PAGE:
Pearl Harbor 75th anniversary stories

My mother was a 16-year-old living near Tokyo when the Japanese attacked Pearl Harbor. The war seemed far away to a teenager busy working to help support the family, but soon she was following radio broadcasts to hear of bombs dropped and damage to the enemy, but nothing was said about damage done by the enemy. Soon, however, things got bad. . .

My local newspaper has started publishing articles about WWII, readying for the Pearl Harbor 75th anniversary date of December 7, this Wednesday. A story carried today (by Michael Ruane and the Washington Post) features Ensign Wesley Hoyt Ruth, pilot of a small, brightly colored amphibious plane used to transport mail, Navy photographers, and sailors around Hawaii. The plane and Ensign Ruth were commissioned immediately after the attack to scout for the Japanese fleet nearby–a death sentence for those in the silver, orangey-yellow propeller plane with a bright green tail. Fortunately for the 4-man crew, whose only defense consisted of WWI-era rifles they pointed out the windows, they did not spot the enemy ships and warplanes and survived the return to land amidst nervous US military men ready to shoot down anything suspicious. Mr. Ruth died last year at age 101, but his stories of that day live in videotaped accounts and with the old plane hangared in storage for the Smithsonian and awaiting maintenance and restoration—someday.

If you know someone still living from the WWII era, ask for their stories. Even civilians have interesting stories, like rationing and Victory gardening and diving under school desks for the bomb drills. Many elderly people have loved my mother’s memoir, Cherry Blossoms in Twilight, because even though she was the enemy’s child, many of her stories sound very familiar to them.


PS: Also in the paper is how the Vietnam Veterans Memorial Fund has been collecting photos to go with the names of all those on the Vietnam Veterans Memorial Wall in Washington, DC. “People see the names, but behind every name there is a face and a story,” said Heidi Zimmerman, spokesperson. See the Wall of Faces website to submit a photo if you have one of a soldier who was killed in the Vietnam War. They are missing quite a few photos.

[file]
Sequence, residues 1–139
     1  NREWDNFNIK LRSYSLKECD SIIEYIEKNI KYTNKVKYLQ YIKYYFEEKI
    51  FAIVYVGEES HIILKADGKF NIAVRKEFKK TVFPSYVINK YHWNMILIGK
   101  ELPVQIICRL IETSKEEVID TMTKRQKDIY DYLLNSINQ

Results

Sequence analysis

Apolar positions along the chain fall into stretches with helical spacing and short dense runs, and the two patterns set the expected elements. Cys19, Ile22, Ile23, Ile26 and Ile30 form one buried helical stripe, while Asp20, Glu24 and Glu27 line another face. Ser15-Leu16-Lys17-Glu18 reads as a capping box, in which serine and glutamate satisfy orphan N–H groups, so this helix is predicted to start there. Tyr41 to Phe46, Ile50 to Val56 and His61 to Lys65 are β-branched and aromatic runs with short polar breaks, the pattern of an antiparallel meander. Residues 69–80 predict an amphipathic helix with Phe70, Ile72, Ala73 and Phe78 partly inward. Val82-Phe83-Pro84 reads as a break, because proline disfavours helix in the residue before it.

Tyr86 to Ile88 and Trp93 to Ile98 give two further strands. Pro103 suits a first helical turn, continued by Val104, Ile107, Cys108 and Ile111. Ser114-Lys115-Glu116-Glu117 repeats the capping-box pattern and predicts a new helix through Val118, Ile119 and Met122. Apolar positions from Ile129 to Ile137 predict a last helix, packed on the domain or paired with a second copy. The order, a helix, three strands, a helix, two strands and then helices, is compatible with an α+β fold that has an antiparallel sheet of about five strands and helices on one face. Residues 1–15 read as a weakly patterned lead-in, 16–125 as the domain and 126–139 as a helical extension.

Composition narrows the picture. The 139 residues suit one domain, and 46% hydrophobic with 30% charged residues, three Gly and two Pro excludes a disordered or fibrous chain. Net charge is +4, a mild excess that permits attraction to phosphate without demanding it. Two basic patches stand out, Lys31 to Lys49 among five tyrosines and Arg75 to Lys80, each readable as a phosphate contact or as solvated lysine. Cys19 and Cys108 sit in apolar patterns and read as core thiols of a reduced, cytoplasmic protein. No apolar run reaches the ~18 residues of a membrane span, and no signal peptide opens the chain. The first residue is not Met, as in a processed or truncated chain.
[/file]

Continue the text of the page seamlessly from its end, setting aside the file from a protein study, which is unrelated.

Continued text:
About moonbridgebooks

Co-author of Cherry Blossoms in Twilight, a WWII Japan memoir of her mother's childhood; author of Poems That Come to Mind, for caregivers of dementia patients; Co-author/Editor of Battlefield Doc, a medic's memoir of combat duty during the Korean War; life writing enthusiast; loves history and culture (especially Japan), poetry, and cats
This entry was posted in history, honoring veterans, war stories, WWII and tagged , . Bookmark the permalink.

4 Responses to Pearl Harbor 75th anniversary stories

  1. Thanks for the reminder Linda. My dad will celebrate his 96th birthday tomorrow. Pearl Harbor happened just after he turned 21. I’ll ask him again about it. From previous conversations, it seemed like it was not a big deal for students at New Mexico State College, but maybe that was just him. He did drop out to slide from ROTC to active duty and served as a flight instructor and test pilot in San Antonio and Del Rio. He was waiting to be sent to the Pacific when the bomb was dropped and the war ended. He got bored and went home instead of hanging around for a career in the Air Force as previously planned.

  2. Wow, happy birthday to Dad! He is lucky to have avoided the awfulness of that war. I think a lot of Americans didn’t know where Pearl Harbor was at the time, and young people don’t always follow what’s happening outside their own little world. My mom sure wasn’t paying much attention to what was going on… until the effects of war came to her.

  3. A wonderful essay. I often feel so many people die without telling their story. We can learn so much by reading memoirs. I personally love historical memoirs. Get your story out there any way you can.

    • Thank you, Dania. We need to ask for the stories because otherwise they will disappear. I’m so glad you have written the stories from your family’s lives in Cuba. Each of us is a history book way more interesting than any textbook.

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